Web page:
More Spending on Potato Chips Than Clean Energy R&D

windmill-gray-sky-evan-shayFor the  third year in a row, the Center for American Progress Action Fund, Senate Majority Leader Harry Reid (D-NV), and the University of Nevada, Las Vegas, held a day-long clean energy summit, gathering high-level industry leaders, policy experts, investors, and public officials to talk over important things in Nevada.

Called the "National Clean Energy Summit 3.0: Investing in American Jobs," this latest gathering, on September 7, 2010, yielded some interesting points of view and a passel of spiffy quotes.

As John Podesta, president and CEO of the Center for American Progress Action Fund, charged in his remarks: "This year's summit reinforces the urgency of adopting a national clean energy strategy that boosts private investments for new technologies and jobs."

Podesta suggested that the remaining "potential in the sustainable energy market could revive the stalled economy and end the recession."

He also told the assembly that "The focus now has got to be on getting these worlds and mechanisms together to finance innovative, renewable technology."

Austan Goolsbee, lead economist for Obama's Economic Recovery Advisory Board, claimed that clean energy "has the potential to employ both highly skilled scientists and blue-collar workers hurt by the stalled construction industry," and pointed out that "it offers a wider distribution of opportunity than almost any advanced future-leaning industry that you can think of." Goolsbee suggested the goal that "export-led growth in United States should emphasize clean energy technology."

Phillippe Cousteau told those at the summit that "Time is running out for ourselves and future generations. The cost to our health, the cost to our security, and the cost to the environment of our addiction to fossil fuels has distorted our economy."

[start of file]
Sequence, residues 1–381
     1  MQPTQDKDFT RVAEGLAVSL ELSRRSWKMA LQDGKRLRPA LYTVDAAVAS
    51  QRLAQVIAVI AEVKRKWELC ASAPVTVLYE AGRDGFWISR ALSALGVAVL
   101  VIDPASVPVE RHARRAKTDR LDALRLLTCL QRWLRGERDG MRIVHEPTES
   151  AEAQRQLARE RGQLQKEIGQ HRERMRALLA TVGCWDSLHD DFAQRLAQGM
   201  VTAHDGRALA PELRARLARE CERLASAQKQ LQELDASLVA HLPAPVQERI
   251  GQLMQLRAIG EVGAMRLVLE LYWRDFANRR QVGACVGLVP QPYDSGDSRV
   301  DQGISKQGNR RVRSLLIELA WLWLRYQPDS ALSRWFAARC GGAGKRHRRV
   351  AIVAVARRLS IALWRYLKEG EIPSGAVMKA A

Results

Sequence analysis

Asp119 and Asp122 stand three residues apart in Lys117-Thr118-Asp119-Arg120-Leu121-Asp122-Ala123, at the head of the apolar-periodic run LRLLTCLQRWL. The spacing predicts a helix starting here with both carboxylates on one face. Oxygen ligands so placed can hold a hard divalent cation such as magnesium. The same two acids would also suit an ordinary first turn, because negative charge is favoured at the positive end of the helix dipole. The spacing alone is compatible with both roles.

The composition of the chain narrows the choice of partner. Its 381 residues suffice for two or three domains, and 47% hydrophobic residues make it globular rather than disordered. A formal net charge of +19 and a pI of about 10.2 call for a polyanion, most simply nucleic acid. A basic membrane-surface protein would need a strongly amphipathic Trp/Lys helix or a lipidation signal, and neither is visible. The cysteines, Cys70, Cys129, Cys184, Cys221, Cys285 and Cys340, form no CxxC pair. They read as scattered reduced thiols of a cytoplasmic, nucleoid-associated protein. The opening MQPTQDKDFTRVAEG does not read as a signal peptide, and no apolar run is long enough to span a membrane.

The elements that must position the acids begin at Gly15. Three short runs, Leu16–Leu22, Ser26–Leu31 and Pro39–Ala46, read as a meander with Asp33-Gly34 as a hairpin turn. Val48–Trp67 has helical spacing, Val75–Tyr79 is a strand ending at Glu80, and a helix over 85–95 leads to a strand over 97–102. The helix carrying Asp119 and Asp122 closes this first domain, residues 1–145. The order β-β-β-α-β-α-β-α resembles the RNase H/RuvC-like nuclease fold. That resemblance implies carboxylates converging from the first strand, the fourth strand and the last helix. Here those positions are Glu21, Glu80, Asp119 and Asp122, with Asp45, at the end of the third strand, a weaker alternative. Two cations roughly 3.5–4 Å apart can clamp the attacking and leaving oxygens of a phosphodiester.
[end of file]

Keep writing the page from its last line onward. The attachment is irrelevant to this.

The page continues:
L. John Doerr, an American venture capitalist with Kleiner Perkins Caufield & Byers in Menlo Park, California, told the astonished assembly that "the total amount we're spending on clean-energy research and development programs is right around $5 billion. Americans spend more on potato chips than we spend on clean-energy research and development."

In fact, until recently, the federal government was spending less on clean energy R&D than, not just potato chips, but also on federal employee parking subsidies!

The conference was not an Amen Corner, by any means. Thomas Donohue, president of the U.S. Chamber of Commerce, suggested that America should look for more oil here at home. "We need every source of energy that we can get," he insisted. But T. Boone Pickens, a successful oil industrialist, disagreed. Pickens argued that "You can only produce so much," and asserted that domestic production would never meet our domestic needs. As for imported oil, Pickens was derisive, saying: "How can you use oil from the enemy that is dirty and more expensive? I am telling you, we are going to go down in history as the dumbest crowd that ever was."

Democratic Senate Majority Leader Harry Reid took the podium to exhort "We need to take that little spark and turn it into a wildfire ease the nation's security problems and help overcome economic woes."

Reid discussed the political climate, too, saying "We have got to be able to suck it up and say 'I may not get all I want.' We are not going to be able, as much as people want, to have a price on all carbon. the utilities are really interested in because they want the certainty…."

Summing up, Reid said he "remains hopeful the Senate will complete work this year on a narrow energy bill that includes provisions to boost deployment of natural gas-powered trucks and rebates for home energy efficiency retrofits."

In years past, these conferences have developed and amplified clean energy policies that became law or underwent serious consideration by the U.S. Congress. Credit these conferences with pushing such ideas as the long term extension of tax credits for wind and solar power, and the upgrading and expansion of the U.S. electrical transmission "grid," which is key to moving solar and wind power from the locations where they can be most effectively generated to the locations where the power will most likely be used.

More later ...

Photo credit:  Evan Shay

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